The Financial Times today publishes a podcast by Michael Pettis - an author belonging to the 'China will have a drastic slowdown' school who the FT has published before. Pettis is cited in some media as a 'China expert' - the Carnegie Endowment for International Peace, where he is a Senior Fellow, describes him as 'a noted expert on China’s economy.' Eeaders are therefore likely to encounter Michael Pettis and I have written a short comment on the FT article showing his inaccuracy - as with all the China hard landing school. It is below.
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I very much like the fact that Michael Pettis edited his blog in a very fair and open fashion. But unfortunately his projections for China's economy are serially highly inaccurate. For example his predictions:
11 March 2012: 'I still maintain that average growth in this decade will barely break 3%' - so far this decade China's annual average growth has been 7.7%.
14 August 2009: 'I continue to stand by my comment last year... that the US would be the first major economy out of the crisis and China one of the last' - since 2007 China's total GDP growth has been 106% and the US 12%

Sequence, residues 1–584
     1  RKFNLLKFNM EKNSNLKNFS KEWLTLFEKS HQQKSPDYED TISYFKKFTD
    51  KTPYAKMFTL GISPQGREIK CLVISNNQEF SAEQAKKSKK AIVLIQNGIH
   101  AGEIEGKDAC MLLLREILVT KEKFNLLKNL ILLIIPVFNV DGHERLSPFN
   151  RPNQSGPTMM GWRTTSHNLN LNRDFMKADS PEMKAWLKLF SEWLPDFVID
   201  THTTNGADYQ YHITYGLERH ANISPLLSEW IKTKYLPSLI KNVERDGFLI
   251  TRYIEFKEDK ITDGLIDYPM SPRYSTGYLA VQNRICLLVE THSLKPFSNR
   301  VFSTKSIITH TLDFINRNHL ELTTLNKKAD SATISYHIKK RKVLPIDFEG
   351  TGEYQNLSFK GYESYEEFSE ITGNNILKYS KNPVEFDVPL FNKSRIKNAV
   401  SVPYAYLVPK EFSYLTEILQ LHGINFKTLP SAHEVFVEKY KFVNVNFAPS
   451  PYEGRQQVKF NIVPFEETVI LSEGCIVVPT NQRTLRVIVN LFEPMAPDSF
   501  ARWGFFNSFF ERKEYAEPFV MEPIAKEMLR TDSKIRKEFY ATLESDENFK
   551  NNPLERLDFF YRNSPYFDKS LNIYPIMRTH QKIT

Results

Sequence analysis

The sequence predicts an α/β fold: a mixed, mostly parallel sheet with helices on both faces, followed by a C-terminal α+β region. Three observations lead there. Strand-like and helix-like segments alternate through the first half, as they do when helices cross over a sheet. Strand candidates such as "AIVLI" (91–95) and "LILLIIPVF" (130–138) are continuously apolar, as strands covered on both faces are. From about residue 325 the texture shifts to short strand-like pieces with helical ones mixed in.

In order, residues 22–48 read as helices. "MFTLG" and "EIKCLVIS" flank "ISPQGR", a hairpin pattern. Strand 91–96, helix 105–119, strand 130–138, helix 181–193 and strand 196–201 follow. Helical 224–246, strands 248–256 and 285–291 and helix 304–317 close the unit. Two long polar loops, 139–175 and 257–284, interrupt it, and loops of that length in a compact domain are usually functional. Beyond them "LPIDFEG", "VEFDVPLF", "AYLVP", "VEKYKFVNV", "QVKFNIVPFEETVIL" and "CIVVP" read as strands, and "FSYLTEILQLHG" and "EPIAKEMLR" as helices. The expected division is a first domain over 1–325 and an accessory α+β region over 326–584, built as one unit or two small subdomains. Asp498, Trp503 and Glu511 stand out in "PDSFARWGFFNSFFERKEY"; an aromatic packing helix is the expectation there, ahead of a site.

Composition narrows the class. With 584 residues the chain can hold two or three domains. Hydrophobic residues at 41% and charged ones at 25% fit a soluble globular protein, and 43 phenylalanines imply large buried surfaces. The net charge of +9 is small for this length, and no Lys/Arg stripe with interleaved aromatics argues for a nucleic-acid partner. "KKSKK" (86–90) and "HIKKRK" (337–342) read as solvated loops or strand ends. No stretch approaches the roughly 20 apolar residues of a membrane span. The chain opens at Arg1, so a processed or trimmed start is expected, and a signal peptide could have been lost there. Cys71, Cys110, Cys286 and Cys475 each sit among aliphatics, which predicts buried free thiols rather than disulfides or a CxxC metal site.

These are not detailed errors, which are inevitable, but a fundamentally wrong analysis of China's dynamic and are due to underconsumptionist economic theories in The Great Rebalancing.
For those who want a list of other basically inaccurate predictions on China's economy please see: ' Wrong Analyses of China - Listed by Author and Date' http://www.learningfromchina.net/wrong-analyses-of-china---listed-by-author-and-date.html
To make an obvious point, but one too often neglected, to be an 'expert on China' is not to write many words that are inaccurate about China, it is to write analyses which are accurate about China.
But at least Micheal Pettis edited his blog in way that these errors could be pointed out.